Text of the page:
Future of Text, cultures of thankfulness, rationality & religion...
Happy Sunday & welcome to Issue 20!
I hope everyone enjoyed their holiday weekend. I feel like we've been talking about how unusual Thanksgiving was going to be since the pandemic began, but it was still a bummer not having all of our extended family around. The meal was still great, though!
I've mentioned a few times in this newsletter how inconsistency is one of my biggest weaknesses. I'm beginning to realize that saying that is an excuse for me to be lazy. Case in point, this 30-day writing challenge (and to some extent the revival of this newsletter) has managed to prove me wrong.
Today is Day 14, and the challenge has easily been one of my most rewarding projects of 2020. The hard part is generating ideas. Once that's decided on, I've been knocking 250 words out in about 15 minutes, give or take.
I like the idea of publishing something every day, but I need to transfer this consistency over to longer-form work. It's difficult to flesh out an idea in 15 minutes, so committing to sitting down for 1 hour 2-3 times a week to write will be an interesting challenge.
All of these experiments have been really fun, though, and writing has been an extremely rewarding process.
Here's my favorite thing that I wrote this week: a mini-essay on why we should be more productive... but not in the way you're thinking.
And without further ado...
Book of the Week: "The Future of Text"
There are so many things to love about this project. I'm only going to highlight a few, but I encourage you to dive in if you have the time.
The Future Text Initiative was founded "to stimulate community dialogue and implementation of forward looking text interactions to augment how we think, learn and communicate by enabling and fostering a deeper literacy."
If you're not familiar with the organization, it's worth reading the brief manifesto on their website.
This past week, the organization published a book by the same name. The book is a collection of essays about the future of writing, of mediums through which we deliver text, and of our consumption of text as media. Here's the description:
The book is a collection of dreams for how we want text to evolve as well as how we understand our current textual infrastructures, how we view the history of writing, and much more. The aim is to make it inspire a powerfully rich future of text in a multitude of ways today and to still have value in a thousand years and beyond. It should serve as a record for how we saw the medium of text and how it relates to our world, our problems and each other in the early twenty first century.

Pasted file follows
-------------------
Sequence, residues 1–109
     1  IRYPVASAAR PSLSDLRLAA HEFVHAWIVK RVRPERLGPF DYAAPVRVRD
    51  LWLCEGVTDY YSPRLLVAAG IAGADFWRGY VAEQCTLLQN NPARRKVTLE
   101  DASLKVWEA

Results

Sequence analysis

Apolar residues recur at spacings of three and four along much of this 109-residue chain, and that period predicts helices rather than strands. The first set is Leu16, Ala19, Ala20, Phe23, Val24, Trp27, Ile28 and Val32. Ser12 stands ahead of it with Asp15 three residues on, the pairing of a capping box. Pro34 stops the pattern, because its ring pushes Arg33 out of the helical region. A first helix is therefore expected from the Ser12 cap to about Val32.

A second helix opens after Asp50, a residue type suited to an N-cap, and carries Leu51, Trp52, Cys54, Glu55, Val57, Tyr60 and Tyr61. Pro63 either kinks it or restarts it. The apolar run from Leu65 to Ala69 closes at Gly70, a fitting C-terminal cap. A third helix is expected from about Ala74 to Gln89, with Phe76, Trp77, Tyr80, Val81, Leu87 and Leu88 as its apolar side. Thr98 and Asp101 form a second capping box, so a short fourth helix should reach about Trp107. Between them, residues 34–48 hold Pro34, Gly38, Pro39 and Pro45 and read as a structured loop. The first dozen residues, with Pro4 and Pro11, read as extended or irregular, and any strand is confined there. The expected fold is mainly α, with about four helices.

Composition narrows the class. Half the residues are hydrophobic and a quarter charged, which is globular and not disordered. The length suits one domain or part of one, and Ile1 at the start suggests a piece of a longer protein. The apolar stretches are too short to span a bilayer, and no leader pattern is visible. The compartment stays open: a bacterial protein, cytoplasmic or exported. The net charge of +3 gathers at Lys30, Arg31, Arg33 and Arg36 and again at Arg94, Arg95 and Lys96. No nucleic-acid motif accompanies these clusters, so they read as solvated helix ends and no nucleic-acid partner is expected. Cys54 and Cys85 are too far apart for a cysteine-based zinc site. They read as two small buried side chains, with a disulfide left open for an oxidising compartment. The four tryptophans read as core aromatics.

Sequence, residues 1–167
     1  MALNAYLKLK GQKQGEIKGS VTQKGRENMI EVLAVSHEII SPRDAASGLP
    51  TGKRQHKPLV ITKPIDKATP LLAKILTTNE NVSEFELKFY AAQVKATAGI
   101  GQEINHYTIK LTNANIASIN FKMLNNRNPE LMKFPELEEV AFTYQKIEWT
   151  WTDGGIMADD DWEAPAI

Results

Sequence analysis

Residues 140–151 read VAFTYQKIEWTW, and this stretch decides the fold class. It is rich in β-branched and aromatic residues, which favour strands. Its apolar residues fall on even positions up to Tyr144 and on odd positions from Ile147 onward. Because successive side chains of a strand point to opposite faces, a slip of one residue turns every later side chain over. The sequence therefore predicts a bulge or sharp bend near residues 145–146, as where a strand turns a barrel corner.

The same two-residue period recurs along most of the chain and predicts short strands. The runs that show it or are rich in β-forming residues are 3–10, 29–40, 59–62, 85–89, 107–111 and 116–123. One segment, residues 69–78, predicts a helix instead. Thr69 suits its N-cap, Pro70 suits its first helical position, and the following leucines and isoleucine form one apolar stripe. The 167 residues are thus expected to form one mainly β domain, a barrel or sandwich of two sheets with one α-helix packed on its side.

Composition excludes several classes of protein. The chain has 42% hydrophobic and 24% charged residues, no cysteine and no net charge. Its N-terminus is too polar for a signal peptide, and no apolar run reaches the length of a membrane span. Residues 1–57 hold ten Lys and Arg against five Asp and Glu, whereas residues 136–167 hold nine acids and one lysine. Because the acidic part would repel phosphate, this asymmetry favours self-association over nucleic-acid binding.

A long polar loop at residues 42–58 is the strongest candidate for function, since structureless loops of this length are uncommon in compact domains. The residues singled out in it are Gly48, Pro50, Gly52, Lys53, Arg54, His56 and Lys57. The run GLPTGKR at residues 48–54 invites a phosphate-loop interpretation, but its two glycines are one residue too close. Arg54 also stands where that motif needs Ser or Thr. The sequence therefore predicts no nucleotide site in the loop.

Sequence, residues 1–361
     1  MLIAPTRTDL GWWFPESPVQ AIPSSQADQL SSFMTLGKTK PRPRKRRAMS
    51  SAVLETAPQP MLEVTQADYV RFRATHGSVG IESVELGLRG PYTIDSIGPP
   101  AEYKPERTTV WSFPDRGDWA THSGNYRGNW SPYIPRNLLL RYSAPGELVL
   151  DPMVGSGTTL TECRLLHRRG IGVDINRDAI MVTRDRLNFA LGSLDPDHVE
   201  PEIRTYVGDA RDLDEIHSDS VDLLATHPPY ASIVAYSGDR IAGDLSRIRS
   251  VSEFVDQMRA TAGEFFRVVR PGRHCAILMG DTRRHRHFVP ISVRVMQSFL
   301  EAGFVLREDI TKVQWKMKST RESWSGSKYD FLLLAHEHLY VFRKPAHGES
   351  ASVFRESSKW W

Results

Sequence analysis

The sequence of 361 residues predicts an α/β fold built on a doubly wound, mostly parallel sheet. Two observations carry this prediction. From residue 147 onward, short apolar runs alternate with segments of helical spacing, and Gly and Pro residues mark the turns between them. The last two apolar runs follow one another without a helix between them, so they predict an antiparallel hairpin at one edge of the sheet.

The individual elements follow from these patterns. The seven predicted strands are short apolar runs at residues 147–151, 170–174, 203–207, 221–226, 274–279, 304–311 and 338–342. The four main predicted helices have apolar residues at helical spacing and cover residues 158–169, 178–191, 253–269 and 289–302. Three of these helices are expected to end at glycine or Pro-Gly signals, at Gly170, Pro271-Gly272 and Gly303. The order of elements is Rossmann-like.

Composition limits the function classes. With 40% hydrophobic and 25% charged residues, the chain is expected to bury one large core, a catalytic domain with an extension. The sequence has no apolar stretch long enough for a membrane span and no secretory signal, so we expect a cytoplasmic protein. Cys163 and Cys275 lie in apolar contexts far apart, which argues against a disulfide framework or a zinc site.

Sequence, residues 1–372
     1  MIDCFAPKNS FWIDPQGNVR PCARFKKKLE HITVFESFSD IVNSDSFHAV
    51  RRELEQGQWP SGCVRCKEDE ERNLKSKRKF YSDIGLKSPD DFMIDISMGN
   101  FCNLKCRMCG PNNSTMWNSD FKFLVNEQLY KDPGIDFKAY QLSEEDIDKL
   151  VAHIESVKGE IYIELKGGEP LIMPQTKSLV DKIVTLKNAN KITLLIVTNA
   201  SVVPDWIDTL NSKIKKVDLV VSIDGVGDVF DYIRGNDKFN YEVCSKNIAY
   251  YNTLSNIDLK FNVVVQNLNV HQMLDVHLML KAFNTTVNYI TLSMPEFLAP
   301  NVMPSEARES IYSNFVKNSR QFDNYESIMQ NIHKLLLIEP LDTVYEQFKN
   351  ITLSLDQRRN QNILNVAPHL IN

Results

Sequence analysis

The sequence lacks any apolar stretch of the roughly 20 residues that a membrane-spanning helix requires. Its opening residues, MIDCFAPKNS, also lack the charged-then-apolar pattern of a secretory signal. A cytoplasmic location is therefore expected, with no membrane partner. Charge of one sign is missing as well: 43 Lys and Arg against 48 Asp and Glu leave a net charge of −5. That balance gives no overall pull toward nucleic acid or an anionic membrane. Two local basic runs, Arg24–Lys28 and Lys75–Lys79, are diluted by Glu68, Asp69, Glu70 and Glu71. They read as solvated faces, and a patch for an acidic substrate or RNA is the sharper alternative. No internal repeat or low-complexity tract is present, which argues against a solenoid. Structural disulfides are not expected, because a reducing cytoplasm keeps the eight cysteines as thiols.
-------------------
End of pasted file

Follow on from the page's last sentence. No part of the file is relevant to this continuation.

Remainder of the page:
I'm currently making my way through the essays. Some will be more interesting than others depending on where your interests lay, but you're sure to find something that catches your eye. Across the board, the quality of thought has been top notch.
🦃 An incredible thread by Jawad Mian on cultures of thankfulness. "Am I alone in detecting in people—myself included—an unappealing sense of ingratitude, the conceit of those blessed but whose heads swing in frustration because they fail to see their good fortune?"
🛠️ It's Time to Build for Good. Investor Marc Andreessen wrote a blockbuster essay entitled IT’S TIME TO BUILD earlier this year. While the underlying thesis was solid, the messaging of the piece rubbed me the wrong way. In the middle of April, at the peak of our COVID fears, it seemed to me that Andreessen's calls to focus on "building the future" were tone deaf. Yale student Isaac Wilks's response, It's Time to Build for Good, was a much more refreshing take on the strong thesis, and I'm happy to have discovered it.
🙏🏼 In Praise of the gods. Simon Sarris is one of the most fascinating writers I follow. This essay explores a lot of ideas, but I was specifically intrigued by his view of religion through the lens of critiquing rationalism:
There is this tendency to think that you must understand everything, or that a thing must be proven, to enjoy it or derive serious meaning from it. This mistake is at the heart of the disembodied rationalist worldview. Rituals are the beginning of acknowledging embodied experience. To respect their power is to share in it, and they help you to begin to have values beyond the rationalistic, economic view of the world. We all have these values already, we know this because the most cherished things in this world (art, talent, family, monuments, achievements, etc) are those that we call extraordinary, not rational, and the extraordinary is always the standard of greatness.
Simon also published this gem this week:
🎒 Embedded Education. "Perhaps most importantly, Embedded Education can contribute to a more equitable and effective distribution of knowledge, skills, and information. [...] By creating real platform-native encounters rather than broadcasting information, embedded education is a more effective way to change behaviors. By shortening the feedback loop from theory to practice, it engages people to more deeply internalize what they’ve just learned."
That’s all for this week…
I’m thankful for everyone who read this on a weekly basis :) please share with a friend you think would be interested!